This article has been re-posted from the UK Tar Sands Network website.
From left to right: Lucy Patterson (Push Europe), Eleanor Clegg (Pembrokeshire Friends of the Earth), Isobel Braithwaite (Healthy Planet UK), Philippa de Boissiere (UK Tar Sands Network), Emily Coats (UK Tar Sands Network), Nicolò Wojewoda (350.org). Photo by Suzanne Dhaliwal.
Today Eleanor Clegg, Llangolman resident and member of Pembrokeshire Friends of the Earth, was joined by a coalition of concerned citizens and campaigners to present a petition to Nick Clegg in Whitehall, London. The petition, organised UK Tar Sands Network, 350.org, Campaign Against Climate Change, People & Planet, and Pembrokeshire Friends of the Earth, urged the Deputy Prime Minister to support the EU Fuel Quality Directive (FQD), legislation which will discourage imports of tar sands oil to Europe. The petition pointed out that increasing amounts of tar sands oil are expected to be imported to the UK, especially via Valero‘s refinery in Pembroke. Valero, a key supporter of the Keystone XL pipeline which would take tar sands oil to Texas, has also been the target of recent protests in the Gulf Coast. The petition had 4,000 signatures, and was received by the Deputy Prime Minister’s office, who claimed they were unaware of Valero’s plans to import tar sands oil to the UK.
The Canadian tar sands industry has received a barrage of international criticism from environmentalists and human rights campaigners for its devastating effects on nearby Indigenous communities, decimation of local ecosystems and contribution to global climate change.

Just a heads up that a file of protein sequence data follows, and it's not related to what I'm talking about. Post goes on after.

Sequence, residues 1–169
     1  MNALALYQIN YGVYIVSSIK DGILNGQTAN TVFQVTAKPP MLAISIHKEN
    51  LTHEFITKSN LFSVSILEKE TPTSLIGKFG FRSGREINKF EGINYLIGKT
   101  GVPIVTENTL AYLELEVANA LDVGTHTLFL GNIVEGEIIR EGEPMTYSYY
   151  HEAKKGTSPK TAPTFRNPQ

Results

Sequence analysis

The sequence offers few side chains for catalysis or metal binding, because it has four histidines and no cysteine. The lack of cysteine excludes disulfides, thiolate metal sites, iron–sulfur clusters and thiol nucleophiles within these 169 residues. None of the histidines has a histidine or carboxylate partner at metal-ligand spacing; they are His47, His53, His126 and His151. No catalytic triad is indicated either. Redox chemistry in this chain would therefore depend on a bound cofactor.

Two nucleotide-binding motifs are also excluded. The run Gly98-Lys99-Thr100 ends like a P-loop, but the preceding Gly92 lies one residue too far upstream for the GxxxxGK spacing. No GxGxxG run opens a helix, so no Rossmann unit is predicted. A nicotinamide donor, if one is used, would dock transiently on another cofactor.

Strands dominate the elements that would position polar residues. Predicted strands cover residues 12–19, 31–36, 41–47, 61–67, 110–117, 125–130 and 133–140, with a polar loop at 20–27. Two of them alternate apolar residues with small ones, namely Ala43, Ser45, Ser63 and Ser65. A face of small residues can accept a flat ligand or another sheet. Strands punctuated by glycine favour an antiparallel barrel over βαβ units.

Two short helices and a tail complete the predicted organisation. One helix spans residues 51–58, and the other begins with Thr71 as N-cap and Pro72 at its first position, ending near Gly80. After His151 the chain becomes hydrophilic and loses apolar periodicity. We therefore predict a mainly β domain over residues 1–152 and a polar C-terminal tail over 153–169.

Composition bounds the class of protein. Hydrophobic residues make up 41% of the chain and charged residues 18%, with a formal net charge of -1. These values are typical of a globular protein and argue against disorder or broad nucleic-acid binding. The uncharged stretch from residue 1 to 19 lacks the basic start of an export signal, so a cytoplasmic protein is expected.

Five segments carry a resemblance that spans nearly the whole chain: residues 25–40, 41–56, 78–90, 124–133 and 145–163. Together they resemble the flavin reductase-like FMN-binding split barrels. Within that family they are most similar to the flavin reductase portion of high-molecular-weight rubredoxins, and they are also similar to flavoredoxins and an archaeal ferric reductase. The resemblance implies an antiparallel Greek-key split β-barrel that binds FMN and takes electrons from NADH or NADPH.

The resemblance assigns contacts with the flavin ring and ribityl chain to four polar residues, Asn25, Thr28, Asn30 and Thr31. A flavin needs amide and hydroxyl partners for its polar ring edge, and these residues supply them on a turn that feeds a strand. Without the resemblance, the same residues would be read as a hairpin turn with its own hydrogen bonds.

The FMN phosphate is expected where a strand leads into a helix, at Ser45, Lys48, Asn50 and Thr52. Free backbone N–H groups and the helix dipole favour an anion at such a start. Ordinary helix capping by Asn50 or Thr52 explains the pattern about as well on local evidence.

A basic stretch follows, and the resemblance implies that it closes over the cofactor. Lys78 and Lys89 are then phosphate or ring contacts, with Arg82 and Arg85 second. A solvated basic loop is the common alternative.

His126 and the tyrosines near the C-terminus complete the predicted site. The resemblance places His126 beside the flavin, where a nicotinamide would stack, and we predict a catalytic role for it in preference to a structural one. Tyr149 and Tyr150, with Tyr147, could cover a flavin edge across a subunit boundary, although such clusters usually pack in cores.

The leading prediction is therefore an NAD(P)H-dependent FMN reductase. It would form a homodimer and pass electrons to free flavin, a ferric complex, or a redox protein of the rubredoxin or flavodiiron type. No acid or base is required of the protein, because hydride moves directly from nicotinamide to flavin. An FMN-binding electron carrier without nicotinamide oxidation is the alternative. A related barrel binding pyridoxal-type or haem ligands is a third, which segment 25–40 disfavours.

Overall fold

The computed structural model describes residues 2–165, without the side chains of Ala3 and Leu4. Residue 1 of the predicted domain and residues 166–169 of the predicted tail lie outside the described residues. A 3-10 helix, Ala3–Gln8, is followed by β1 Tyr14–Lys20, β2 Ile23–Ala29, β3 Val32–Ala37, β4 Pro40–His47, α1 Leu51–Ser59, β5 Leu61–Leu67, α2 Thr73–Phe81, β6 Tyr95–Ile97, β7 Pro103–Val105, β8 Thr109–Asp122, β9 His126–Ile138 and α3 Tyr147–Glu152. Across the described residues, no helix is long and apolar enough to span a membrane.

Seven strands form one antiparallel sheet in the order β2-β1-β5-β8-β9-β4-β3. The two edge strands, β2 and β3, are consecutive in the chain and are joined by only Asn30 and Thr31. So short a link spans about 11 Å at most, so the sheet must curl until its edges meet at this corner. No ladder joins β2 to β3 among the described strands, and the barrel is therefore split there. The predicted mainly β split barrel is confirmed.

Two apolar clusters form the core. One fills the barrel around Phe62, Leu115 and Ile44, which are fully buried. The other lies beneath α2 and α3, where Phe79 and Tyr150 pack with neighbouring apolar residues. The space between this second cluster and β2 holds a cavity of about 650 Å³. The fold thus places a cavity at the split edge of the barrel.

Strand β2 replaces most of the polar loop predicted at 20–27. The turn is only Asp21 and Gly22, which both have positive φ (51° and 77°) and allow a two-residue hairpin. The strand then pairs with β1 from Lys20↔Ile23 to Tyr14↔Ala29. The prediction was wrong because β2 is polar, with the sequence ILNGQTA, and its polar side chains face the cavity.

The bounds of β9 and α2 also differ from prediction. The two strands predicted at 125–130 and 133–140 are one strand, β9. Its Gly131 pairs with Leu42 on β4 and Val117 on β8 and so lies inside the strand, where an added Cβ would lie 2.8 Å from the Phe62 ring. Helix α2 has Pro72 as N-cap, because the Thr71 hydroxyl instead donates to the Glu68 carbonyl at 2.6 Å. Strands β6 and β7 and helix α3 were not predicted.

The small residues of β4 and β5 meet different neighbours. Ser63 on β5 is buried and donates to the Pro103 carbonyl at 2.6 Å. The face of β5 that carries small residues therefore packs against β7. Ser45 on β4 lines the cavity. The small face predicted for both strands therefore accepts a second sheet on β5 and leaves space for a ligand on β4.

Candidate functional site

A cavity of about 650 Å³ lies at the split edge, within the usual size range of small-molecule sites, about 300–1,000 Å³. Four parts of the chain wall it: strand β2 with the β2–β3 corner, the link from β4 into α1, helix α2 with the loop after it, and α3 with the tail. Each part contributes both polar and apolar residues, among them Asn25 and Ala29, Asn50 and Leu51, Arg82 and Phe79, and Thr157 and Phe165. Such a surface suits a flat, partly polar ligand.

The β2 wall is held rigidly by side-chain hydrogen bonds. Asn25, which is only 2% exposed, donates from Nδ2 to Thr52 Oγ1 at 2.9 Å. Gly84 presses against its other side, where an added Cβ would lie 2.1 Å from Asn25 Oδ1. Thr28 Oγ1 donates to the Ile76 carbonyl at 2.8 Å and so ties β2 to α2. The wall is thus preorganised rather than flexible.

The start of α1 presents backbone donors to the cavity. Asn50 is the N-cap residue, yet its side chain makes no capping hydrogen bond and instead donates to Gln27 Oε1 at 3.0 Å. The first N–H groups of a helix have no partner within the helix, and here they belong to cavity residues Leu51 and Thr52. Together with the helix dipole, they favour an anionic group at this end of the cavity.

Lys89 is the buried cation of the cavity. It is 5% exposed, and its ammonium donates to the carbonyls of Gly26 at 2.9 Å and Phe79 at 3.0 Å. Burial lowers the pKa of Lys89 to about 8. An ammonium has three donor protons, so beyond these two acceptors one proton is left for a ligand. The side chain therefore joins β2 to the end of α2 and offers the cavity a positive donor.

A key issue of concern in Europe is the Fuel Quality Directive (FQD), which, if implemented as planned, would label tar sands as highly carbon intensive, thereby cutting off the EU market from tar sands-derived fuels and potentially setting a precedent for other markets to refuse tar sands oil. The legislation has been met with unprecedented lobbying from the Canadian government and oil industry, delaying the proposal significantly. The UK government has been one of several member states reluctant to support the proposal, abstaining at the last vote in February 2012. Another vote of EU member states is expected in October 2013.
“I have travelled to London today on behalf of my community because Pembrokeshire is likely to be the first port of call for tar sands oil to enter the UK,” said Eleanor, from Pembrokeshire Friends of the Earth. “Our community is strongly opposed to a fuel derived from such an environmentally damaging source being refined and used in Britain, and we certainly don’t want it imported through local ports. The Fuel Quality Directive is our best chance at slowing the rate of tar sands expansion and we urge Nick Clegg to step in and ensure the UK supports it.”
Eleanor from Friends of the Earth Pembrokeshire and Emily from UK Tar Sands Network to present petition to Nick Clegg. Photo by Suzanne Dhaliwal
“It is absurd that our government has been so receptive to the aggressive lobbying from the Canadian government and oil industry,” said Philippa de Boissiere, from the UK Tar Sands Network. “The vote in October will be a pivotal moment for both the tar sands industry and the reputation of the Liberal Democrats, who can expect to see an escalation of campaigning on the issue by the climate movement in the UK. Will Clegg drive a stake through the expansion of the world’s most destructive industrial project– or through his own reputation as a green force in the Coalition government?”